Some useful advice as we emerge out of the holy month
A chance encounter with an ageing tycoon provides useful life lessons
I have been thinking about omelettes lately. Now that Ramadan is over I can once again tuck into this oily treat, even if it means having to pop a couple of antacid tablets afterward.
That is not the primary reason though – these thoughts of eggy delights were prompted by a chat with a friend during suhoor earlier this week. Said friend and I were discussing the foods we were looking forward to most post-Ramadan and agreed that a tasty omelette was right up there alongside coffee and buffalo wings of course – OK, I’ll admit it, the buffalo wings were my suggestion.
Our chat gave rise to my friend – an experienced Abu Dhabi hotelier –recalling a story involving the popular egg dish. The story resonated with me and is one I thought useful to share, especially as we take stock at the end of the holy month.
The story goes that a few days before Ramadan was called, an old Swiss businessman was having recurring flashbacks about one of his favourite culinary experiences, one that involved consuming an omelette at a luxury Abu Dhabi hotel in the company of a few of his friends. As he ate he surveyed the city’s coastline.
The man often shrugged off such memories, but over time they grew sharper and more urgent.
Like any successful businessman, he opted to tackle the burning issue, so he assembled the group of friends from that Abu Dhabi work trip, telling them of his plans.
“He sat them down and said that later that evening they would take an overnight flight on his private jet and head to our hotel to have breakfast and then fly straight back”.
They all boarded the flight and when they touched down in the capital, the group was greeted on the tarmac by a waiting limo. Before too long the businessman was back in his happy place, seated in the same spot with the same friends, enjoying the omelette that had mentally tormented him for months.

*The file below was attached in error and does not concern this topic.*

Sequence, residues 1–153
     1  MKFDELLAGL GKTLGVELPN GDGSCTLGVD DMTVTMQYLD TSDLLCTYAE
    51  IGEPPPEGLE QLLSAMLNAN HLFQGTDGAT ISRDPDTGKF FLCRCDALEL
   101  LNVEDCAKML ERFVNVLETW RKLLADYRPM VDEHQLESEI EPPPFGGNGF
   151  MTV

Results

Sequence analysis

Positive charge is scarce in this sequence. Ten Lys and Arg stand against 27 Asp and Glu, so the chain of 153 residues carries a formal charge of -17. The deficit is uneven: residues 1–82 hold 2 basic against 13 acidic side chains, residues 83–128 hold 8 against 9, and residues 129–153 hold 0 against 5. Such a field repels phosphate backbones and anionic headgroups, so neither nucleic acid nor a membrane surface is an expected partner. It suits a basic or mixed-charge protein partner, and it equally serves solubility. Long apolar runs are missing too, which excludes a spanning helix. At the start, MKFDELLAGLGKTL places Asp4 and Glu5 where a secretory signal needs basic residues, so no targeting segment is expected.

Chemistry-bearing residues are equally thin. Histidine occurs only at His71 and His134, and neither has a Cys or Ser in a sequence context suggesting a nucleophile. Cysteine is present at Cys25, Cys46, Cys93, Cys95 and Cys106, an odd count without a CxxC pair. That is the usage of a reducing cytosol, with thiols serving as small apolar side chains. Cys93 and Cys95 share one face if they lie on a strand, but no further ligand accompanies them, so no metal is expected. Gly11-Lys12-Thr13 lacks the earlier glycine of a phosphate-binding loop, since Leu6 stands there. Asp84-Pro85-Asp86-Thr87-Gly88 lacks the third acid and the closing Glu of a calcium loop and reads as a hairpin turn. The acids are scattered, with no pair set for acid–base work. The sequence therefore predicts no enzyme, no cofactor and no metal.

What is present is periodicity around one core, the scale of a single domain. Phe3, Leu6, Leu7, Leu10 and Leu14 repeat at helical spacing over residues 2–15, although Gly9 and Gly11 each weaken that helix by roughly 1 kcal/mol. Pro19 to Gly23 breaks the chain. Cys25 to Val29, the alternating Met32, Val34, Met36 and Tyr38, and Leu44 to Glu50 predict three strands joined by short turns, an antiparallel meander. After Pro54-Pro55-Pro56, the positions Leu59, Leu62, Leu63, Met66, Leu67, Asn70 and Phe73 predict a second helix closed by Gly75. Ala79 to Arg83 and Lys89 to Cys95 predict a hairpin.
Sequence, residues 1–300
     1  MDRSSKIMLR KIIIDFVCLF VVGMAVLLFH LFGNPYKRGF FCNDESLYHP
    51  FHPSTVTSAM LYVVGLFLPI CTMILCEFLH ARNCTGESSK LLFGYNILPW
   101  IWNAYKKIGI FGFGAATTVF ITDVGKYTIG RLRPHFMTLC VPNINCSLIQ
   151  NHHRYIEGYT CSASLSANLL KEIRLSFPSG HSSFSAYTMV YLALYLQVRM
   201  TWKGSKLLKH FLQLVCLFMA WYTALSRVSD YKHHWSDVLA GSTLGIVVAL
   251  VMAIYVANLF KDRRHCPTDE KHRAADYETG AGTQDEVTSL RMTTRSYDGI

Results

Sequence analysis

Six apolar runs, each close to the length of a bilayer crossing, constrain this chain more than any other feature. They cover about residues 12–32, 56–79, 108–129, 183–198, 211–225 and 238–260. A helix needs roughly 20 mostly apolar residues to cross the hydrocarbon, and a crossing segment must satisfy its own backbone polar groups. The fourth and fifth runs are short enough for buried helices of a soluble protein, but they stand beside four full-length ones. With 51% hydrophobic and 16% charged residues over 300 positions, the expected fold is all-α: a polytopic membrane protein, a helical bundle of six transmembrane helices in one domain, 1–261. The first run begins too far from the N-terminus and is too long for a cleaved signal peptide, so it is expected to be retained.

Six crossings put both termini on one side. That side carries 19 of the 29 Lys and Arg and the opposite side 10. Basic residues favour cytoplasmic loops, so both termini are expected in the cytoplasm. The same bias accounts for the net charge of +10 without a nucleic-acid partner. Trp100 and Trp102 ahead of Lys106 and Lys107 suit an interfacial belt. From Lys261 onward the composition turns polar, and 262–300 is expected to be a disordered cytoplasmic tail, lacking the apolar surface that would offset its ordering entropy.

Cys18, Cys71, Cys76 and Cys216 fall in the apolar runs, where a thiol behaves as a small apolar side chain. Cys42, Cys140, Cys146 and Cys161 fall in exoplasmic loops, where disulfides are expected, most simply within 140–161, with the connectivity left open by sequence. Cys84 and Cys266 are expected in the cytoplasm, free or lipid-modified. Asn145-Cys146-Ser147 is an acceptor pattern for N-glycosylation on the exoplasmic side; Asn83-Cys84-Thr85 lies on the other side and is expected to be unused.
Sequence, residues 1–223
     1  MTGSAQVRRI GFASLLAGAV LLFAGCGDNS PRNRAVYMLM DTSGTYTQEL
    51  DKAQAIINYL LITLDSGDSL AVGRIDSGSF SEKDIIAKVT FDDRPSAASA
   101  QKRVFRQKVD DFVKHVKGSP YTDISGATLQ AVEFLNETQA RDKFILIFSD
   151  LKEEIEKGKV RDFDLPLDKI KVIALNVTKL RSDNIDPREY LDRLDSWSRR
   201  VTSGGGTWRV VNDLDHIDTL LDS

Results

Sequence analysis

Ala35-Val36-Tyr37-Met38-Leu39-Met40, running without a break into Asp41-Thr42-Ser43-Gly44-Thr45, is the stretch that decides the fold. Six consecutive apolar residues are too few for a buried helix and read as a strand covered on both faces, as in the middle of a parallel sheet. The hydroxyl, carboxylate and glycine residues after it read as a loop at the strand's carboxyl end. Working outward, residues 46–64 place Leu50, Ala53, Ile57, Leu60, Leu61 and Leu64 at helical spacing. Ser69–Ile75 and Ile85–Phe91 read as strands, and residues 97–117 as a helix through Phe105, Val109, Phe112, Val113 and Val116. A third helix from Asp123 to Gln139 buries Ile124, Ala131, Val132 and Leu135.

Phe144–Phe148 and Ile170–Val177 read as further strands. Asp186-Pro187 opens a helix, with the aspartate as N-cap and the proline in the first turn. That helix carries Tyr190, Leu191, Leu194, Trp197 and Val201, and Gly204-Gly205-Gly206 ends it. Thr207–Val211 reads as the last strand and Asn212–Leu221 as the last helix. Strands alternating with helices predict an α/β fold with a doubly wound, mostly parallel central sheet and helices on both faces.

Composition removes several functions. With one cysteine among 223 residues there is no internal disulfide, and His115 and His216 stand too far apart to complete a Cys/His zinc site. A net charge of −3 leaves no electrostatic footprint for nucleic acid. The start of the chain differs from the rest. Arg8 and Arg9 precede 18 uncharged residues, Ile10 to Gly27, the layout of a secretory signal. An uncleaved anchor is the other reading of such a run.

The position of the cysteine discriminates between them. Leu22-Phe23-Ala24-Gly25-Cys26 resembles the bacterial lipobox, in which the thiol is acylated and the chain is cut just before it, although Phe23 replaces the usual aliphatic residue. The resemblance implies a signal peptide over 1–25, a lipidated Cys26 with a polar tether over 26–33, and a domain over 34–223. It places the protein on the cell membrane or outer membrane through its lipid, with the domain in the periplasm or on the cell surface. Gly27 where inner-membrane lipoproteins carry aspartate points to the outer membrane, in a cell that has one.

Word of the eccentric breakfast party reached the office of my hotelier friend, who went down to greet them. “The man told me to sit down and join him,” he recalled.
What my friend thought would be spirited conversation became something much calmer.
As they sat, the businessman kept looking at the ocean, his eyes misty as he reflected on a life that had just reached more than 100 years, a time-span that had seen its share of huge business successes and a string of personal failures.
“How old are you?” the man asked my friend. “Thirty-six,” he replied.
“I have over a billion dollars to my name,” stated the businessman. “What would you say if I gave you all of it so I can be your age and you be mine?”
The hotelier took a while to respond before shaking his head resolutely.
The businessman smiled knowingly. “I am getting old, and when you reach my stage you realise time flies so fast and you wonder about the things you did and didn’t do,” he said sentimentally.
“You are doing well to have this position for your age. But my advice has nothing to do with business: be content. Be satisfied with what you have. Don’t over-dramatise everything in your life. Try your best and let things go. Don’t be stingy with your smiles.
“Laugh a lot and enjoy the simple things while you can – like having an omelette in beautiful city like Abu Dhabi.”
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